Yes, we must often wash our hands.
Losing Harper Lee a couple months shy of her 90th birthday feels akin to losing her literary alter ego, Scout Finch, the tomboy narrator of To Kill a Mockingbird. Though Lee never wrote another novel, her debut solidified her place in literary history, winning the Pulitzer Prize and several generations' worth of praise. It's unclear how Lee felt about her own fame, though her choice to keep a low profile would suggest that she wasn't comfortable with it. In a 1964 interview, she admitted, "I never expected any sort of success with Mockingbird. [...] I was hoping for a quick and merciful death at the hands of the reviewers but, at the same time, I sort of hoped someone would like it enough to give me encouragement. Public encouragement. I hoped for a little, as I said, but I got rather a whole lot, and in some ways this was just about as frightening as the quick, merciful death I'd expected."
Maycomb, the small town where Mockingbird takes place, has lived in readers' imaginations since 1960, when To Kill A Mockingbird was first published. The town is so much more than a community in Alabama or a setting in a novel. Anyone fortunate enough to have grown up reading To Kill a Mockingbird can attest to how their memories of childhood are intertwined with those of Scout. It is through her eyes that we observe a darker side of American history that contrasts sharply with the nostalgic warmth of Lee's sublime prose.
For many white children who grew up in predominantly white communities, this book was their first exposure to how racism is woven into the fabric of our culture. Scout's father, Atticus Finch, was hailed as a civil rights icon, since the book's central plot thread concerns the lawyer's efforts to defend an African-American man wrongly accused of rape. Along with Ray Bradbury's Fahrenheit 451, Mockingbird was the greatest reading experience I had in grade school, and it left an indelible impact on me, as did Robert Mulligan's Oscar-winning 1962 film adaptation. The final shot of Atticus and Scout embracing as the camera pulls back through their window, accompanied by Elmer Bernstein's hauntingly bittersweet score, moves me to tears every time I see it.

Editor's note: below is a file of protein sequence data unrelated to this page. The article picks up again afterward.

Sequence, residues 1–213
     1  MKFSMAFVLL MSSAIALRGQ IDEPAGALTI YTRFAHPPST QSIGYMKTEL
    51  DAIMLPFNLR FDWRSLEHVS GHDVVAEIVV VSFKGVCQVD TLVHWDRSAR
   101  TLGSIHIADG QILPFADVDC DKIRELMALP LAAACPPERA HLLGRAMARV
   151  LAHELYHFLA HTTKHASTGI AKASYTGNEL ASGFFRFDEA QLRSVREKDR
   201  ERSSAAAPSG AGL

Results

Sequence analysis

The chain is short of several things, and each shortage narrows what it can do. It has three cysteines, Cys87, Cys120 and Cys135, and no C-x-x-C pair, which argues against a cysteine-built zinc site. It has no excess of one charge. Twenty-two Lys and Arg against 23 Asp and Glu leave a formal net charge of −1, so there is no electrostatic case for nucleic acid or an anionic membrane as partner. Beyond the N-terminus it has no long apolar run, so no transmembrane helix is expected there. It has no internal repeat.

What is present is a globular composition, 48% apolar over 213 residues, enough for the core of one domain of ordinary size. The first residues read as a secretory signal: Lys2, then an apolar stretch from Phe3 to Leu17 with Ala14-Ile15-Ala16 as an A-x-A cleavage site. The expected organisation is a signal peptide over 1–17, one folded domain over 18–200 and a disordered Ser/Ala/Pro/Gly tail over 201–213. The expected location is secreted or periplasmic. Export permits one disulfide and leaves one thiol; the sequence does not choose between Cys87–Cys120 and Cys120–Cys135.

One person who wasn't a fan of either the book or the film was Roger Ebert. In his two-and-a-half star review of Mulligan's classic, he dubbed it a time capsule that "expresses the liberal pieties of a more innocent time." He's right, of course, yet I find it hard to criticize a work of art for being a product of its time. There's as much to learn from Lee's perspective on the material as there is from the material itself.
The impact of "Mockingbird" the movie on cinema is as far reaching as influence of the book. Echoes of Lee can be found in Kevin Costner's Atticus-like hero in Oliver Stone's "JFK" and Samuel L. Jackson's accused murderer on trial in Joel Schumacher's "A Time to Kill"—a Tom Robinson character, opposite Matthew McConaughey's young Atticus Finch—to the variations on Scout's mysterious neighbor Boo Radley seen in Billy Bob Thornton's "Slide Blade," Chris Columbus's "Home Alone" and Sam Raimi's "The Gift."
I wonder what Roger would've thought about Go Set a Watchman, the early draft that led to Mockingbird. It was published last year under controversial circumstances, and was foolishly marketed as a deliberate prequel to the classic. Yes, it charts Scout's return to Maycomb as an adult, yet since Lee wrote it first, there is no reason to believe that these versions of the characters are identical to those that populate Mockingbird. Though Watchman lacks the finesse of its predecessor, its portrayal of Scout's disillusionment—as she confronts the ugliness and discrimination that eluded her childhood gaze—provides a more provocative view of Southern life. It's the sort of novel a director like Todd Haynes was born to adapt. So many lines resonate today, such as this nugget: "Prejudice, a dirty word, and faith, a clean one, have something in common: they both begin where reason ends."
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